Secretary of Labor Thomas E. Perez

G20 Labor and Employment Ministerial — Second Plenary Session, Boosting Participation and Reducing Structural Unemployment, Melbourne, Australia, September 11, 2014

[as prepared for delivery]

Thank you Minister Abetz and our Australian hosts -- for your hospitality and your leadership of the G20 process this year. I also look forward to working with our colleagues from Turkey as their nation prepares to assume the presidency of the G20. I'm excited to address this session because I believe bringing more people into the labor force — for meaningful work that gives them economic security and a family-sustaining wage — is absolutely essential to the future prosperity of all our nations.

I salute the Australian presidency's focus on these themes, which are at the very top of President Obama's domestic agenda and at the core of my Department of Labor's mission. We believe inclusion is not just the right thing to do; it's one of the keys to maximizing our economic potential. We can't leave anyone on the sidelines. We can't afford to waste any human capital.

Guided in part by this philosophy, over the last five and a half years the United States has worked to dig out from the Great Recession and is enjoying a strong economic resurgence.

U.S. businesses have now created more than 10 million private sector jobs since early 2010, thanks to 54 straight months of private sector employment growth — the longest such streak on record. There were more job openings in June than at any time since February 2001. Just over a year ago, our unemployment rate was 7.5 percent; now it's down to 6.1 percent.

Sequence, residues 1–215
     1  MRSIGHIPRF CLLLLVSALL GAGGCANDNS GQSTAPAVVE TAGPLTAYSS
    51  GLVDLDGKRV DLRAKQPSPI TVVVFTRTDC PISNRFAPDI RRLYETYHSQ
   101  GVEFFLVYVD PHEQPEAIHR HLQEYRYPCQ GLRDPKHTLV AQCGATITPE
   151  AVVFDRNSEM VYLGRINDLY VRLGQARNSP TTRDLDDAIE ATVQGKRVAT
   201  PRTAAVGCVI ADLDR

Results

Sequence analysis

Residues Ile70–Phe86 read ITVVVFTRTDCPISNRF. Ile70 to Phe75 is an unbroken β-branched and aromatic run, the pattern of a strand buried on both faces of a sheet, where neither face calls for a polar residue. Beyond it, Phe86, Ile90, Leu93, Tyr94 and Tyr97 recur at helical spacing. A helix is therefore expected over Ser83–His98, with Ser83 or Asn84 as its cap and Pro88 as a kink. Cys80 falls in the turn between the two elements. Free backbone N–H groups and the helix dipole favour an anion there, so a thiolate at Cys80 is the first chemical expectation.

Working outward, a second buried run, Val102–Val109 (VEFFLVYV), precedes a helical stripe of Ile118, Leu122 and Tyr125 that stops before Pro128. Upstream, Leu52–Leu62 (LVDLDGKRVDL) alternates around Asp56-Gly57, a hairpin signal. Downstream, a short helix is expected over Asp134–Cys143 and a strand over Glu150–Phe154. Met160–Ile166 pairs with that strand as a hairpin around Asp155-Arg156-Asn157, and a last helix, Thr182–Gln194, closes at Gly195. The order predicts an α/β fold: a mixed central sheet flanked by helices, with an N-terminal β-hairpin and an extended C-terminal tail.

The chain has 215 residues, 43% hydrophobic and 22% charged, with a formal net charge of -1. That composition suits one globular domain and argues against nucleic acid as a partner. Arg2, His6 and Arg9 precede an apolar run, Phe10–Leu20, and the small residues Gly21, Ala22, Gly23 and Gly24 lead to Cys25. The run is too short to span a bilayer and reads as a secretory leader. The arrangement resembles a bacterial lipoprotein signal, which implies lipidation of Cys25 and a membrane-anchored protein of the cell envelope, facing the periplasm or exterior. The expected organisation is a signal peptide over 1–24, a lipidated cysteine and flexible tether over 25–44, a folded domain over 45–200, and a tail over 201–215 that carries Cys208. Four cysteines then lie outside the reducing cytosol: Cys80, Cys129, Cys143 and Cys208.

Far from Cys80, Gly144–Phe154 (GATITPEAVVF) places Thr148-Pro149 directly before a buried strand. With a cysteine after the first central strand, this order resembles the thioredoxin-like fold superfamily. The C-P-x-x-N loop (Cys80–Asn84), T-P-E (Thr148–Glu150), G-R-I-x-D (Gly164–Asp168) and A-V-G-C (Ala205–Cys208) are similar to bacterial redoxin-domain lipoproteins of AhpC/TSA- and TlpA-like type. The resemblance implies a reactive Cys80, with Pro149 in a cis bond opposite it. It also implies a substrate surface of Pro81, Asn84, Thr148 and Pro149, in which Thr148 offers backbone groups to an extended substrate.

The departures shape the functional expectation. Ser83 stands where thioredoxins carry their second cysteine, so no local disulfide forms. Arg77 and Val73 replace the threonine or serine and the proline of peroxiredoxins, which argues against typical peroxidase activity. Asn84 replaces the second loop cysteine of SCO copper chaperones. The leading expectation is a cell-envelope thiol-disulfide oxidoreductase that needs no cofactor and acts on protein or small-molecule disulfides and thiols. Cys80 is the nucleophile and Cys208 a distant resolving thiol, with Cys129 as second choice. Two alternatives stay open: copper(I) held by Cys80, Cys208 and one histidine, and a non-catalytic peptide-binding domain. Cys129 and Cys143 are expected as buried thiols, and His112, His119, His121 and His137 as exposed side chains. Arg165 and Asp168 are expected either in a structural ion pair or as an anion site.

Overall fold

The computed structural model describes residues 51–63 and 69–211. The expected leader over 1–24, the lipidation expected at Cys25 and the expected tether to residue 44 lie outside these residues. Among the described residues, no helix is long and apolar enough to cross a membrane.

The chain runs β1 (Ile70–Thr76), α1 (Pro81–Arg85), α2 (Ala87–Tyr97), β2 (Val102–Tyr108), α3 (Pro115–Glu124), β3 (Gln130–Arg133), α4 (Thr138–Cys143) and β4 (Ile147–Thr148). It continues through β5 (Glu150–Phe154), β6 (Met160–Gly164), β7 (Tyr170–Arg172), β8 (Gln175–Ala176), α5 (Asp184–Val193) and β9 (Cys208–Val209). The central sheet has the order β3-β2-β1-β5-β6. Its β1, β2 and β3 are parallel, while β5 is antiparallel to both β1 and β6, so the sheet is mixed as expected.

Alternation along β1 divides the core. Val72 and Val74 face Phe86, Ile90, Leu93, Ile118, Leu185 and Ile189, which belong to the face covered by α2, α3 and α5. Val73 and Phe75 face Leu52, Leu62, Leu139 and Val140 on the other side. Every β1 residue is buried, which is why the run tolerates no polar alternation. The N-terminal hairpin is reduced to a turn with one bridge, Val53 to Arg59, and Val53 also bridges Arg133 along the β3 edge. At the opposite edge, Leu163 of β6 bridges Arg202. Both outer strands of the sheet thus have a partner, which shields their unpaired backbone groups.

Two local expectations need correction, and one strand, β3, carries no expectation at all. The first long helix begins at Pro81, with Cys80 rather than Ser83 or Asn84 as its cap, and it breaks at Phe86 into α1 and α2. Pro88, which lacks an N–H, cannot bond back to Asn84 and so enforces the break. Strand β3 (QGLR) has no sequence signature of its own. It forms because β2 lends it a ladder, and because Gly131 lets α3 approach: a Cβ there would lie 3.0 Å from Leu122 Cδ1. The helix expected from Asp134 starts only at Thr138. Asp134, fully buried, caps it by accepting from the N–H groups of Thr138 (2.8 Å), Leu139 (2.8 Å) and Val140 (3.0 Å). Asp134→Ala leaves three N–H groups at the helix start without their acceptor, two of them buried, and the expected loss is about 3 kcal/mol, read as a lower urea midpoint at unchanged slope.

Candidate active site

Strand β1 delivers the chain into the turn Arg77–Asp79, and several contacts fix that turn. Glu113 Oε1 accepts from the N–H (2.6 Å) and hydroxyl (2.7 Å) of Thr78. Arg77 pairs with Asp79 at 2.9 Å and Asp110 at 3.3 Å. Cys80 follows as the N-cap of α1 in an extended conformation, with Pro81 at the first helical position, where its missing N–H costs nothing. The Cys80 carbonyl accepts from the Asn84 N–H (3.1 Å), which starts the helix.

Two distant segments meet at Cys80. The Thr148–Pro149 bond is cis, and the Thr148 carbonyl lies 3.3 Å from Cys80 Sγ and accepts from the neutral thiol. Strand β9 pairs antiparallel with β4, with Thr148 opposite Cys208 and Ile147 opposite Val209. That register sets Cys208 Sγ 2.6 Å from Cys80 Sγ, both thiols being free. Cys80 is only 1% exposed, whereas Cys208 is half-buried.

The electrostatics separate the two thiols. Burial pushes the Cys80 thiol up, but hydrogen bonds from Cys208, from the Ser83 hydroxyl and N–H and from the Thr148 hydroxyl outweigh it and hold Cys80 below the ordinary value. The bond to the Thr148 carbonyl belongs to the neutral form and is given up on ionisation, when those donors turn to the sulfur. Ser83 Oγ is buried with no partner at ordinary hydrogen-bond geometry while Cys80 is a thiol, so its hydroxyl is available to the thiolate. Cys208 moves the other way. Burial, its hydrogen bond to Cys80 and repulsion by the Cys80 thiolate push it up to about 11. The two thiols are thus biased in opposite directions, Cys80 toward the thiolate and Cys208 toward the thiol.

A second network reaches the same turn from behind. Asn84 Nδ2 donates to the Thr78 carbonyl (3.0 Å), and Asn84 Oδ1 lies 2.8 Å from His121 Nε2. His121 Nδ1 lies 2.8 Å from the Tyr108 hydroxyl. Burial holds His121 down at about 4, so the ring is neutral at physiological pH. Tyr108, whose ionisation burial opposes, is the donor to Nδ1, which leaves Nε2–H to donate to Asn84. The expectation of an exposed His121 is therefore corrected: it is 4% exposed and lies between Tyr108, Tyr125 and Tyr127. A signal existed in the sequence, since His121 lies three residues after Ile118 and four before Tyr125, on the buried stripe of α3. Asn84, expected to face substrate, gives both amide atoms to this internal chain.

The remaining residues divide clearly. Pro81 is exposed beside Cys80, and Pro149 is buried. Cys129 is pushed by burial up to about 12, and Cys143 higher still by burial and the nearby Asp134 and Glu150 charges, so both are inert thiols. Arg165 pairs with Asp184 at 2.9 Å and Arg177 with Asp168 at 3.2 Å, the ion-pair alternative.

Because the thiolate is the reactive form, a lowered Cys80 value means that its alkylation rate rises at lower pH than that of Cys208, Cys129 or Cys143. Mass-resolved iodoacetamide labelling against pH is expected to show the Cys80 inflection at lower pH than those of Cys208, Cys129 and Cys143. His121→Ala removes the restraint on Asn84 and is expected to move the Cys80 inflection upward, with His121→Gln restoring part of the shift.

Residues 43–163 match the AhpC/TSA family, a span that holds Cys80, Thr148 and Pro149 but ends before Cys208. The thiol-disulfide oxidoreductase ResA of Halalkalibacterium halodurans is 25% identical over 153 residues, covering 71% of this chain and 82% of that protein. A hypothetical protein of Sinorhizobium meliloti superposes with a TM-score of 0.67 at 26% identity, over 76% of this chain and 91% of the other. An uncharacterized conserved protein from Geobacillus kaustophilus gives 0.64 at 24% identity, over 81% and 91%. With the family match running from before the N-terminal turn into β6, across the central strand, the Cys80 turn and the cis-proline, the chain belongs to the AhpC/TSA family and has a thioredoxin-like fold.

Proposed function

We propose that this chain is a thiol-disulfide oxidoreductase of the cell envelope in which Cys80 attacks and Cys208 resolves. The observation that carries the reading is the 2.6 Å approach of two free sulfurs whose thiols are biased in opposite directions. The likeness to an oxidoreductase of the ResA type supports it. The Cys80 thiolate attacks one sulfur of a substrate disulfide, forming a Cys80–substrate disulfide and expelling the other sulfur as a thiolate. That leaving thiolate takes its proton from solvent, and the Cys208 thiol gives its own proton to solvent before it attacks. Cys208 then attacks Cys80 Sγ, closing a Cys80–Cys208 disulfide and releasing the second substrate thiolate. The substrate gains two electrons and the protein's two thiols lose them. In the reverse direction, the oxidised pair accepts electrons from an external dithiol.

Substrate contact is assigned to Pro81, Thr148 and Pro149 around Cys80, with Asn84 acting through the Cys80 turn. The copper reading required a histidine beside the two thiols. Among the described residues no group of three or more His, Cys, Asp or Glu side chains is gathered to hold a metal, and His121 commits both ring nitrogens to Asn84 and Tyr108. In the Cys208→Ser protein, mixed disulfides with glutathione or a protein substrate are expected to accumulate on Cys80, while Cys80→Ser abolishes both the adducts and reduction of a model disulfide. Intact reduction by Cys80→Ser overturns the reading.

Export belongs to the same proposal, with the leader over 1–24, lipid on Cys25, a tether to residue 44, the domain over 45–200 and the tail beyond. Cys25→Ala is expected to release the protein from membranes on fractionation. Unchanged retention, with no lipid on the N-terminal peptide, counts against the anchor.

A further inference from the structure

Manufacturing in the U.S. is coming back, growing faster than at any point in the last 15 years. The U.S. auto industry was brought to its knees in the Great Recession, but today we're building more cars than at any time in the last decade.

Consumer confidence is at a nearly seven-year high. Our businesses are exporting more goods than ever before. And for the first time in 20 years, the U.S. is producing more oil at home than it imports from abroad.

We climbed out of the hole left by the Great Recession in part through expansionary fiscal policies, an effort to increase aggregate demand and spur greater consumption throughout the economy. A few months into President Obama's first term, he signed the American Recovery and Reinvestment Act, an $800 billion combination of tax cuts and spending increases, which alone saved or created an estimated 6 million jobs while raising GDP as much as 3 percent. We continue to advocate for greater investments in education, training, infrastructure and research and development to support growth and fiscal sustainability.

But despite the recovery, we're still facing formidable challenges. We're still not unleashing our full economic potential. Prosperity is not being enjoyed by everyone. Too many people remain unemployed. We're still held back by stagnant wages, opportunity gaps and economic inequality — all of which create tremendous hardship for individual Americans, but also stifle economic growth that would benefit all Americans.

Ensuring shared prosperity and building an economy that works for everyone — that's our remaining challenge. And to meet it successfully, we can learn from the expertise and experience of our fellow G20 nations.

The recent OECD report, for example, documented that the United States has one of the lowest minimum wages among industrialized countries. The purchasing power of the U.S. minimum wage has declined 20 percent since the 1980s because we do not index it. President Obama has fought hard for an increase to $10.10 per hour, and even that would only put us in the middle of the pack globally. We believe, as one of our core values, that no one who works full time should have to live in poverty. And we also believe that in an economy driven by consumer demand, raising the pay of low-income workers is a pragmatic growth and job creation strategy as well.